When it comes to basketball offense, there are certain questions I always hear from my players: can you work on your jumpshot inside
the house? Without a basketball? Definitely. One of the most important aspects of developing a reliable jumpshot, is developing reliable mechanics. If your a streaky shooter, there are a couple things that could be wrong, but it’s most likely a confidence problem, or there is a hitch in your shot, that’s causing you to be accurate somedays, and off others.
That’s why I think these two shooting drills are a great way to develop a fundamentally sound jumpshot, that comes off the hand the exact same way every time.
On Your Back Follow Through Drill
This drill is a great way to find out how consistent your release point is. Lie down on your back, with the ball in your hands, ready to shoot up into the air.
Now use the same follow through you would use on a normal jumpshot, focusing on using your shooting hand, and getting a good backspin on the ball. As you release, follow through, and hold your hand there momentarily. The ball should return back straight down, right back into your hand – if you’re shooting with proper form.
If your release is wild or inconsistent, the ball will land in a different place everytime you shoot. This drill isn’t easy at the beginning, but once you get the hang of it, you’ll be able to ring off 5, 10, even 20 shots in a row with the ball going up and down on the exact same plane.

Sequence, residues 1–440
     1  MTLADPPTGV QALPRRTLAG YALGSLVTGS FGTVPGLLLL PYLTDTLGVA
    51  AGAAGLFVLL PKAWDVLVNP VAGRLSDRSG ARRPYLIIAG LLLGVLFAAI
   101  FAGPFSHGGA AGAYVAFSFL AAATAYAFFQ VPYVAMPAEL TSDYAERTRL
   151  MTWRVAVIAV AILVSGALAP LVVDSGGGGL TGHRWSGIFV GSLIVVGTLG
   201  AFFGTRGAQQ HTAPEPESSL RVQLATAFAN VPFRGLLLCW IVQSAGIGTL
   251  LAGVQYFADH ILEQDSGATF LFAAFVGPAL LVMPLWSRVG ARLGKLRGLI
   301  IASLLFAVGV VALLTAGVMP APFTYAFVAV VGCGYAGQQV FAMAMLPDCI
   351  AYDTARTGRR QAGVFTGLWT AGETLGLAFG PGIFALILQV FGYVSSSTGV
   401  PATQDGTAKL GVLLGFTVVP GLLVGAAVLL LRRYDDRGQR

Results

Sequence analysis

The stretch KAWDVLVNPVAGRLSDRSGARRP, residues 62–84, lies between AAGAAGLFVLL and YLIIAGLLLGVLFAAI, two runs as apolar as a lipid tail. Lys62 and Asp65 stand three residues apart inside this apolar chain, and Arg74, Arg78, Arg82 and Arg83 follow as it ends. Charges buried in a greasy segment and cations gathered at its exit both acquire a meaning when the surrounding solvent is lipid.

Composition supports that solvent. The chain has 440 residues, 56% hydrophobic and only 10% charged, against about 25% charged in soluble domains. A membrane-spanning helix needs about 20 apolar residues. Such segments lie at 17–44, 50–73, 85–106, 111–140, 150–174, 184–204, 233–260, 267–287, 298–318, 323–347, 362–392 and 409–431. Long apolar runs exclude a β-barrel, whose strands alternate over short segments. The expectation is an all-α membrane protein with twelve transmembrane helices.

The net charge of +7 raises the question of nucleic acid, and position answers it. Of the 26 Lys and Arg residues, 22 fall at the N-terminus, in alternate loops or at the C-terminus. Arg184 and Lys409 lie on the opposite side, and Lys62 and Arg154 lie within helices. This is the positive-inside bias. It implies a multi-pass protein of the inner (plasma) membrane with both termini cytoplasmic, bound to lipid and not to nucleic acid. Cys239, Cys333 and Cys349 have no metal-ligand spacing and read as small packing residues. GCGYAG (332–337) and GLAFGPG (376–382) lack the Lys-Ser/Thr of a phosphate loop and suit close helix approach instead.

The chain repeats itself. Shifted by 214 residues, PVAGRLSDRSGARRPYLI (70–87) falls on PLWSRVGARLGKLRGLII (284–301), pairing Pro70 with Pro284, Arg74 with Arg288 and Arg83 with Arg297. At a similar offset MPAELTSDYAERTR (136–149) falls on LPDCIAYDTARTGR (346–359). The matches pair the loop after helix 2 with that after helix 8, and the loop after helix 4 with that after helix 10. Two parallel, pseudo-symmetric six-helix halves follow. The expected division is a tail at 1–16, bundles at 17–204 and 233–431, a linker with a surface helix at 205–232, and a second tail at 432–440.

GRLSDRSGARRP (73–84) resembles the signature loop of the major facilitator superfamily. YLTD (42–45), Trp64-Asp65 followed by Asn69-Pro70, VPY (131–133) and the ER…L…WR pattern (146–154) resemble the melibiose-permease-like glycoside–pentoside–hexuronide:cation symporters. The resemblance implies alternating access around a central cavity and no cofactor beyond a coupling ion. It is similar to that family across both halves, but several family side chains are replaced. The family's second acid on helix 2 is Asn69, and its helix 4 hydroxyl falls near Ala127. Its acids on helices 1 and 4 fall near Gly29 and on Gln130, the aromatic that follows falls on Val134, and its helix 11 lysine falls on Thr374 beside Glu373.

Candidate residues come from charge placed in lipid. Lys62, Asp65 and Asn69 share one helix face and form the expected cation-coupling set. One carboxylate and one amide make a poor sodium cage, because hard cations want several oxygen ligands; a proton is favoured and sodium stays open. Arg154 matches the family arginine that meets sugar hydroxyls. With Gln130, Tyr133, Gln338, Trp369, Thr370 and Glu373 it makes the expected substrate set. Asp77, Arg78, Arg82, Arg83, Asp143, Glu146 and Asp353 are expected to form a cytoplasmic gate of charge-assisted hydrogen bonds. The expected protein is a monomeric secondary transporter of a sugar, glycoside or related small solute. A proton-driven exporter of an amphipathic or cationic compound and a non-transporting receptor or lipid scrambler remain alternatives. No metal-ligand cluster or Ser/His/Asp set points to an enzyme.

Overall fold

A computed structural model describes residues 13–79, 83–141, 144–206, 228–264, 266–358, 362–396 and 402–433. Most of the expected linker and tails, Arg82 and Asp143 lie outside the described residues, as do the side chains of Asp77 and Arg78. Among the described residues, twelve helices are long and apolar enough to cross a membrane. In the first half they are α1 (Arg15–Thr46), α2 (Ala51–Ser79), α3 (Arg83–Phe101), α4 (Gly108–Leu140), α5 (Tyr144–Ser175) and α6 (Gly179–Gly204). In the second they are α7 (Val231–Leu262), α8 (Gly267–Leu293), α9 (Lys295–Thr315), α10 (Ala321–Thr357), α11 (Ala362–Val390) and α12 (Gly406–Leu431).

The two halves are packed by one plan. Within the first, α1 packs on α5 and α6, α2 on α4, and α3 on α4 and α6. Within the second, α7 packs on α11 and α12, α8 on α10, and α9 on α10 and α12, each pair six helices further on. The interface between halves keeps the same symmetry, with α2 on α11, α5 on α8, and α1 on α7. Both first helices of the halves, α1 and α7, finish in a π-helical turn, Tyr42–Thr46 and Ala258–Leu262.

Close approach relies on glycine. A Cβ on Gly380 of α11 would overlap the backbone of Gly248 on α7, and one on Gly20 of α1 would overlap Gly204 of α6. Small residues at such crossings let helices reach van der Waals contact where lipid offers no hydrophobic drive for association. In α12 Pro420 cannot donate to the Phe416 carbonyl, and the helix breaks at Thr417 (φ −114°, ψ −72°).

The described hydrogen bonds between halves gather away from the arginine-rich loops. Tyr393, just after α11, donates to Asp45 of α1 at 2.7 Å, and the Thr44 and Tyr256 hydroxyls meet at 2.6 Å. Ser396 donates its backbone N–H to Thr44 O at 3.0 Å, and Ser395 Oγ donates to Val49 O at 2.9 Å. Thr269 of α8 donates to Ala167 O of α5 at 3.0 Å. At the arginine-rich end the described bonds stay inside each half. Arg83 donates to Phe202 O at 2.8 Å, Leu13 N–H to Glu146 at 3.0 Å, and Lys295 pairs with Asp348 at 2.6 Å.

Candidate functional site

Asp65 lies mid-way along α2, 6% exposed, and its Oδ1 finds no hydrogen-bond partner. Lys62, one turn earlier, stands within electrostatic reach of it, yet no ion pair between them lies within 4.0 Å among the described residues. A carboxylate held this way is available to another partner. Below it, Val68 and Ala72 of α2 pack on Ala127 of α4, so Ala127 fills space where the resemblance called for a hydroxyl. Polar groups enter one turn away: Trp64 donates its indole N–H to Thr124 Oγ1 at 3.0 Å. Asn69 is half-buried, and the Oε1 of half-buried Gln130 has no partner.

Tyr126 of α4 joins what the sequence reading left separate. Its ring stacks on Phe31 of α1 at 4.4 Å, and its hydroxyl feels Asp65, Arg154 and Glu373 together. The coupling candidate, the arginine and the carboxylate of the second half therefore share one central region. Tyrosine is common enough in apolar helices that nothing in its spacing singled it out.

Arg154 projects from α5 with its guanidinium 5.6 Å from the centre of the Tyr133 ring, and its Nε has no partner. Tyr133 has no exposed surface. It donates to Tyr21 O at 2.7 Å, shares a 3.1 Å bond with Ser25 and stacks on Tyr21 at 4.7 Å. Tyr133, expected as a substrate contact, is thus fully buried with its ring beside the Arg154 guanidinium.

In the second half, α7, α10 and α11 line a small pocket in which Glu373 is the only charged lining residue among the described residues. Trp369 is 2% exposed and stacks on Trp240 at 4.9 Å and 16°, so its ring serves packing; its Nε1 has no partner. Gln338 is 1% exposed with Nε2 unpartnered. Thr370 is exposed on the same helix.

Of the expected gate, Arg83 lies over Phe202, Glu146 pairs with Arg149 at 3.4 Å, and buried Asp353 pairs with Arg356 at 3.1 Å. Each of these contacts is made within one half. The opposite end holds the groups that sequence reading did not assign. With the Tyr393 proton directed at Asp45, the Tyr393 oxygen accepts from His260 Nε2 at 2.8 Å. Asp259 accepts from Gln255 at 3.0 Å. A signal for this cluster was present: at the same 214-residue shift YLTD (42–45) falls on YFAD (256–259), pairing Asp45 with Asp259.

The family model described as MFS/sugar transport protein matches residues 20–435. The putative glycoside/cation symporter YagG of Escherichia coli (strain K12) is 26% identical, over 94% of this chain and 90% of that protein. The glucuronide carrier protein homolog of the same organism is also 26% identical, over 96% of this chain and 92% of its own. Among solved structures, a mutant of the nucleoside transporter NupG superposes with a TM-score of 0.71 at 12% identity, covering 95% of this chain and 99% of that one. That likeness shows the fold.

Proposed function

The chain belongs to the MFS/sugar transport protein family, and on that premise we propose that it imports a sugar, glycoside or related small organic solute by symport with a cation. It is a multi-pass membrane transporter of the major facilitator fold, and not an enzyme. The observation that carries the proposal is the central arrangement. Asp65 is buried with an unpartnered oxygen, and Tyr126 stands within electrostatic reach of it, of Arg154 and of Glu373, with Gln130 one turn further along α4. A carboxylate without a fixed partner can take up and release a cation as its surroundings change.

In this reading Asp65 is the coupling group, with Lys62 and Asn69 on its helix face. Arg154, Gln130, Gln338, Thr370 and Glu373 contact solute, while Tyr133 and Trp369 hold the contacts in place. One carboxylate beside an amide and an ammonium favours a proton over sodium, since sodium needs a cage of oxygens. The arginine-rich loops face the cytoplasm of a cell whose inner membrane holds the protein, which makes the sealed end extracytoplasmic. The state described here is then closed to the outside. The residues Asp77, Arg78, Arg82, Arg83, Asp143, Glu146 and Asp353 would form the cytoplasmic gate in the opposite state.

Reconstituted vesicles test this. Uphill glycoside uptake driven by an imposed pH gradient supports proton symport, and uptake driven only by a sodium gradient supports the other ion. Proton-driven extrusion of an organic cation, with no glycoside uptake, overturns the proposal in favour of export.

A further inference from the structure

Whether you’re shooting a three pointer or a pull up jumpshot, your mechanics should always stay the same, and this drill does a great job of reinforcing those principles.
Mirror Mechanics Drill
Another great way to check if you’re shooting the ball the way you should be, is to try getting in front of a full body mirror, without a ball, and simply imagining you’re shooting a jumpshot. Go through the motions, and see how much the shooting motion you actually have resembles what you’ve been taught – legs shoulder width apart, elbow at a ninenty degree angle, and the your off hand their simply to support the ball on your shooting hand.
This is a great way to find kinks in your jumpshot, and work on the mental aspect of shooting the basketball.
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